You should make sure that you and your family members, caregivers, or the people who spend time with you know how to recognize an overdose, how to use naloxone, and what to do until emergency medical help arrives. Your doctor or pharmacist will show you and your family members how to use the medication. Ask your pharmacist for the instructions or visit the manufacturer’s website to get the instructions. If symptoms of an overdose occur, a friend or family member should give the first dose of naloxone, call 911 immediately, and stay with you and watch you closely until emergency medical help arrives. 

Is Codeine a Blood Thinner?
Opioids are a class of drugs that includes both prescription pain medicines and illegal drugs such as heroin.

Symptoms of overdose may include the following:

  • Difficulty breathing
  • Slow or shallow breathing
  • Excessive drowsiness or sleepiness
  • Unable to respond or wake up
  • Loss of muscle tone
  • Cold and clammy skin
  • Fainting
  • Dizziness
  • Slow heartbeat

Codeine & Opioid Addiction

In 2016, more than 20,000 deaths in the United States were caused by an overdose of prescription opioids, and another 13,000 deaths resulted from a heroin overdose. Drug overdoses are now the leading cause of death in U.S. adults under age 50, and opioids account for more than half of all drug overdose deaths. [5]

Opioid withdrawal is dangerous if you suddenly stopped taking the drug, and addiction is a complex issue that requires long-term treatment – not a quick fix.  Therefore, the first step in overcoming Codeine addiction is to seek help from your medical provider or a trained professional. Clearing prescription drugs from the body and overcoming withdrawal symptoms is the goal of medical detox treatment, which is the first step of treatment for opioid addiction.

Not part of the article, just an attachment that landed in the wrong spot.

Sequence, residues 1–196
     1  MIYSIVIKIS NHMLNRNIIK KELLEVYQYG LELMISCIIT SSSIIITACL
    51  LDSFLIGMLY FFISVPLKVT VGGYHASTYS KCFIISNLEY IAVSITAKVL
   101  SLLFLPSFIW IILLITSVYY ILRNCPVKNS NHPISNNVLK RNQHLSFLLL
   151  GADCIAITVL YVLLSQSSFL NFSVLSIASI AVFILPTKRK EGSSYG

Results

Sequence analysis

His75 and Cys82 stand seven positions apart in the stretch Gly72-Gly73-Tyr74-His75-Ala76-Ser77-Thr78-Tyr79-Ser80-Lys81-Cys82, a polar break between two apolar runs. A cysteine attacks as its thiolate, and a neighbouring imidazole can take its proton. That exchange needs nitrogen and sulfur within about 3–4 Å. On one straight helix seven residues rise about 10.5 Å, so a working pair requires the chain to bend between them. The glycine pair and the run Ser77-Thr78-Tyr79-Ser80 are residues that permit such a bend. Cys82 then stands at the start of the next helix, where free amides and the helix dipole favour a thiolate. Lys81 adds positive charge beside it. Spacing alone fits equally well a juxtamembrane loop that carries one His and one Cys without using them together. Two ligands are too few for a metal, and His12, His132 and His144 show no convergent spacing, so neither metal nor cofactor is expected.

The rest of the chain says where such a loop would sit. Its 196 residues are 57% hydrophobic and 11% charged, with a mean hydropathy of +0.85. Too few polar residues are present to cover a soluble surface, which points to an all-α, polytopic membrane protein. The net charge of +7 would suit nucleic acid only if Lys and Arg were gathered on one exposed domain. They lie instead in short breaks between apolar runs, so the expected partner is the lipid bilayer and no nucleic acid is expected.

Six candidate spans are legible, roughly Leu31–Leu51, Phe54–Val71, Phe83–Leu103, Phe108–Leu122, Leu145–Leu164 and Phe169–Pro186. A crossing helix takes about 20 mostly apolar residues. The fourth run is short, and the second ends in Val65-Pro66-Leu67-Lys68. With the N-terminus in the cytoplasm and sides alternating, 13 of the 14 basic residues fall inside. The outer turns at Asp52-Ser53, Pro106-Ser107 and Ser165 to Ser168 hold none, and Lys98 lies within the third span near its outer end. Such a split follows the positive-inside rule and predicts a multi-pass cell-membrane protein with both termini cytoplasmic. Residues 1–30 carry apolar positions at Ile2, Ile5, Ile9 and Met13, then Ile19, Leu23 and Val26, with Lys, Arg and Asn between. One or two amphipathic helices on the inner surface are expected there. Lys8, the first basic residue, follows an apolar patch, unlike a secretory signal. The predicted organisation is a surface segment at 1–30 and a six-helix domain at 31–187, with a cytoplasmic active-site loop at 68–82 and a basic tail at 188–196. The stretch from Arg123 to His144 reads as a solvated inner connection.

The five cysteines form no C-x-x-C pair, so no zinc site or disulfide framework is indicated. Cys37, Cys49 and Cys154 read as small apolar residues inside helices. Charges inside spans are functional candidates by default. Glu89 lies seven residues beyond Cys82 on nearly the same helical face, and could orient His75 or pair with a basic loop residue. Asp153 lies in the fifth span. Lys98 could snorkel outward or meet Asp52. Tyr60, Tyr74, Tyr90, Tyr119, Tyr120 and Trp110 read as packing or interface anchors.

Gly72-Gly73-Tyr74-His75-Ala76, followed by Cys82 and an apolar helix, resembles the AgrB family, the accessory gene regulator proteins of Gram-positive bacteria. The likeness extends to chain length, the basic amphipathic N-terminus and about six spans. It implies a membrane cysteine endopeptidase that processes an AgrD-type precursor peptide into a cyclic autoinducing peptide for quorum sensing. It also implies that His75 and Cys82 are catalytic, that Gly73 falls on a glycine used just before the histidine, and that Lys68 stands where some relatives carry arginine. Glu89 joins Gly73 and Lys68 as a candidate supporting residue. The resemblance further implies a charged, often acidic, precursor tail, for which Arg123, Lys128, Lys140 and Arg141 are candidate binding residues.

Searched for “is codeine a blood thinner?” Are you suspecting someone misusing this drug or developing opioid addiction? Are you using the medicine in a different way than you are supposed to? Or using the medicine for another purpose, such as getting high? Misusing prescription drugs, including using them for another purpose and using them in a different way than you are supposed to are signs of developing a drug addiction.

We Level Up center’s thorough approach to rehabilitation supports several levels of care to ensure the best possible outcome for every client who enters our doors. Make this your opportunity to reclaim your life.  Call today to speak with one of our treatment specialists.  We will help you explore opioid addiction treatment options.  Your call is private and confidential, and there is never any obligation.

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[1] Codeine – U.S. Department of Health and Human Services National Institutes of Health
[2] Codeine (Compound) available from: National Center for Biotechnology Information
[3] Blood Thinners available from:
[4-5] Opioid addiction – U.S. Department of Health and Human Services National Institutes of Health